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A Huawei store in Hangzhou, China on Dec. 12, 2019. Photo: Costfoto/Barcroft Media via Getty Images

Chinese telecom giant Huawei said Tuesday that its revenue reached $122 billion in 2019, setting a new record for the company even as it weathers a campaign by the Trump administration to block its global expansion, the Wall Street Journal reports.

Why it matters: Many U.S. officials fear that Huawei's telecom equipment could be used by China for surveillance, and that a 5G equipment market dominated by Huawei would give the authoritarian government in Beijing access to massive amounts of data. The company is just one flashpoint in the escalating U.S. confrontation with China.

The big picture: The Commerce Department placed Huawei on its "entity list" in May, blocking U.S. companies from providing the telecom with chips, software and other components over national security concerns.

  • In November, the Trump administration granted waivers to some U.S. companies to sell to Huawei. The blacklisting overall didn't prove to be as harmful as expected, as many U.S. companies assemble chips overseas, the WSJ notes.
  • Huawei had aimed for $130 billion in revenue in 2019, but lowered expectations in August to a sum closer to its 2018 mark — $105 billion. The company's estimated 2019 revenue of 850 billion Chinese yuan, or roughly $122 billion, is unaudited.

What's next: "Survival will be our first priority" in 2020, Huawei’s chairman, Eric Xu, told employees in a New Year's message. Xu expects Huawei to remain on the "entity list" and projects that next year will be difficult, with less rapid growth than the first half of 2019.

Go deeper: Why Huawei is the United States' 5G boogeyman

Go deeper

Updated 3 hours ago - World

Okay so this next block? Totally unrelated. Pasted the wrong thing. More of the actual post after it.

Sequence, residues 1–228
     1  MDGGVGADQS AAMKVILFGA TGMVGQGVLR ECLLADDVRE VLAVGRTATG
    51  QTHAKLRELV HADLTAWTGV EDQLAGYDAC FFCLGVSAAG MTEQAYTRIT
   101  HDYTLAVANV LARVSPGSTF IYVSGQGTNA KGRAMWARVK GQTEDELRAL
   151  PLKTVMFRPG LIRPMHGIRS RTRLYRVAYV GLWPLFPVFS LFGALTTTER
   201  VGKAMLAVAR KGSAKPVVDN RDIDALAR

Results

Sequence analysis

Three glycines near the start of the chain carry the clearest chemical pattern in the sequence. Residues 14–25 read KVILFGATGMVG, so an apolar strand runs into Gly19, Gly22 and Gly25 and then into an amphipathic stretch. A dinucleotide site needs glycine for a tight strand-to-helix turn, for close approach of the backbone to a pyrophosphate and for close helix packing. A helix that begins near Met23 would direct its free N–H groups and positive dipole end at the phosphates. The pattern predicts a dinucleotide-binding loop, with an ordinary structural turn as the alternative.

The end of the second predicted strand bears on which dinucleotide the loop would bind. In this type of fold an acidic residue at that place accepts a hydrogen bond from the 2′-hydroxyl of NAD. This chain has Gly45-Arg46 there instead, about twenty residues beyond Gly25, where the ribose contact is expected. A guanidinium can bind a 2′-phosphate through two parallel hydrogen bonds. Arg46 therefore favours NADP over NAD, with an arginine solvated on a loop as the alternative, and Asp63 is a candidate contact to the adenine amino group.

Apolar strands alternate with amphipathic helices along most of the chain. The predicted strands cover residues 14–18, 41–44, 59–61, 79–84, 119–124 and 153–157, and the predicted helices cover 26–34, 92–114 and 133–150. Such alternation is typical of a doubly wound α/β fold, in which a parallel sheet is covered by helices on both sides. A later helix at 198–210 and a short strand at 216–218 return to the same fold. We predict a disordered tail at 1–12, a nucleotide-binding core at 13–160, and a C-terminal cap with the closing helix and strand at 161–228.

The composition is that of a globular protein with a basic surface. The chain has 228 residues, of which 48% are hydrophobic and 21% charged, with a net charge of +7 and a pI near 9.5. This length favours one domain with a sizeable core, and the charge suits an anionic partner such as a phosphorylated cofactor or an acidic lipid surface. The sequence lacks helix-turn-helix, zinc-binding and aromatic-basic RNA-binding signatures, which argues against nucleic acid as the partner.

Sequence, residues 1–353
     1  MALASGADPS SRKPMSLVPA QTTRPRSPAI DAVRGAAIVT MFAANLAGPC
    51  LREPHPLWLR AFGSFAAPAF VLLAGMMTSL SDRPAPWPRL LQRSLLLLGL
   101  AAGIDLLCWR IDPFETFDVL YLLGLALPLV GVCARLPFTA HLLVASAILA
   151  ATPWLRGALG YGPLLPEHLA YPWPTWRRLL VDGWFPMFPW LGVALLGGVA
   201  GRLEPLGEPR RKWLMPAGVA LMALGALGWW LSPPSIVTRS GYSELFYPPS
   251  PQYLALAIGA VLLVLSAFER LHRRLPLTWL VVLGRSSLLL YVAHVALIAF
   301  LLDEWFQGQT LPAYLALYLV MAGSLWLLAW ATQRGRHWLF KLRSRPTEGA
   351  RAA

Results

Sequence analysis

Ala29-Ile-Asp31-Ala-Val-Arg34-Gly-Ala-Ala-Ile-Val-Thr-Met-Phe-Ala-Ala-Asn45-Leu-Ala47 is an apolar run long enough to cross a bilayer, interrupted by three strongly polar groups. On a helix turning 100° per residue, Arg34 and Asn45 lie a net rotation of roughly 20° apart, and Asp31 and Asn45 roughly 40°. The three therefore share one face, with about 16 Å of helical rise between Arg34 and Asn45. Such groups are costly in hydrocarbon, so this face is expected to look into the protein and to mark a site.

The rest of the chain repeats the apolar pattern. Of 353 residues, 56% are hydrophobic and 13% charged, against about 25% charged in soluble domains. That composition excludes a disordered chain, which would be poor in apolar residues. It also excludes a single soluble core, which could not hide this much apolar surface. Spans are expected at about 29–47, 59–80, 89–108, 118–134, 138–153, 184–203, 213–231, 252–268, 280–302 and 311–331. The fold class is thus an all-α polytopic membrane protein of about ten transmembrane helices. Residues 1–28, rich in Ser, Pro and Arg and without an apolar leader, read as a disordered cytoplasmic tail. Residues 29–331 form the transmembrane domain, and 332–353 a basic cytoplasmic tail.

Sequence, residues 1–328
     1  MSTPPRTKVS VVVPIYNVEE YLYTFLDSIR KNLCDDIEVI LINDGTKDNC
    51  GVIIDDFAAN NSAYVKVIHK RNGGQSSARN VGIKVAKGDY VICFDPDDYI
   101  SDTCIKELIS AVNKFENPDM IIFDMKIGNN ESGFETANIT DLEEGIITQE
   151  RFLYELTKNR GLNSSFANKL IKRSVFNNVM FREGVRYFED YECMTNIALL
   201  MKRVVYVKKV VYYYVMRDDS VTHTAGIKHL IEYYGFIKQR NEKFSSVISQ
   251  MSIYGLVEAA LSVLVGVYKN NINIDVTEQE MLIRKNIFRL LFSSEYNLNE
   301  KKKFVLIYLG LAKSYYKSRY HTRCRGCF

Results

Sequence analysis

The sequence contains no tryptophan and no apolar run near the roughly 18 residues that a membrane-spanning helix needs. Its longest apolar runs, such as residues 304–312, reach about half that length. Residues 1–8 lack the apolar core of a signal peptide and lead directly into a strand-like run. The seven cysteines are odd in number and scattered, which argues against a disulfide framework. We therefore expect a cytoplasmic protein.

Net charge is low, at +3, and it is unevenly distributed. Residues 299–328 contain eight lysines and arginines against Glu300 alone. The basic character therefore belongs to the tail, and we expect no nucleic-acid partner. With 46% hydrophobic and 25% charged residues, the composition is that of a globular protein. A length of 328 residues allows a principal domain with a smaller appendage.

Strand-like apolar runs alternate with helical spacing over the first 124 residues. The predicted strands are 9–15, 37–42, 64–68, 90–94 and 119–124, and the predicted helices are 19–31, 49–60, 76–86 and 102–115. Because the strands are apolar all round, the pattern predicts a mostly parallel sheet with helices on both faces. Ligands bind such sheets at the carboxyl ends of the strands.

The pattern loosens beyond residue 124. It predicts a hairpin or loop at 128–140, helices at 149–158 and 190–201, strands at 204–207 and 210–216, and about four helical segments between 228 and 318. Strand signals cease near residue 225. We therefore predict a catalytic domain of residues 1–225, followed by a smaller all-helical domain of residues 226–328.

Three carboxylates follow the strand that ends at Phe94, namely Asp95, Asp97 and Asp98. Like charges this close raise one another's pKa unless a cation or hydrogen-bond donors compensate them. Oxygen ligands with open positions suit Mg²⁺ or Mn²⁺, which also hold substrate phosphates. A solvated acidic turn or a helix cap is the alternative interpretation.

In photos: Pope Francis spreads message of peace on first trip to Iraq

Pope Francis waving as he arrives near the ruins of the Syriac Catholic Church of the Immaculate Conception (al-Tahira-l-Kubra), in the old city of Iraq's northern Mosul on March 7. Photo: Vincenzo Pinto/AFP via Getty Images

Pope Francis was on Sunday visiting areas of northern Iraq once held by Islamic State militants.

Why it matters: This is the first-ever papal trip to Iraq. The purpose of Francis' four-day visit is largely intended to reassure the country's Christian minority, who were violently persecuted by ISIS, which controlled the region from 2014-2017.

Cuomo faces fresh misconduct allegations from former aides

New York Gov. Andrew Cuomo during a February press conference in New York City. Photo: Seth Wenig/Pool/AFP via Getty Images

The office of New York Gov. Andrew Cuomo (D) was on Saturday facing fresh accusations of misconduct against his staff, including further allegations of inappropriate behavior against two more women. His office denies the claims.

Driving the news: The Washington Post reported Cuomo allegedly embraced an aide when he led the U.S. Department of Housing and Urban Development and that two male staffers who worked for him in the governor's office accused him of routinely berating them "with explicit language."

In photos: Protesters rally for George Floyd ahead of Derek Chauvin's trial

Chaz Neal, a Redwing community activist, outside the Minnesota Governor's residence during a protest in support of George Floyd in St.Paul, Minnesota, on March 6. Photo: Kerem Yucel/AFP via Getty Images

Dozens of protesters were rallying outside the Minnesota governor's mansion in St Paul Saturday, urging justice for George Floyd ahead of former Minneapolis police officer Derek Chauvin's trial over the 46-year-old's death.

The big picture: Chauvin faces charges for second-degree murder and manslaughter over Floyd's death last May, which ignited massive nationwide and global protests against racism and for police reform. His trial is due to start this Monday, with jury selection procedures.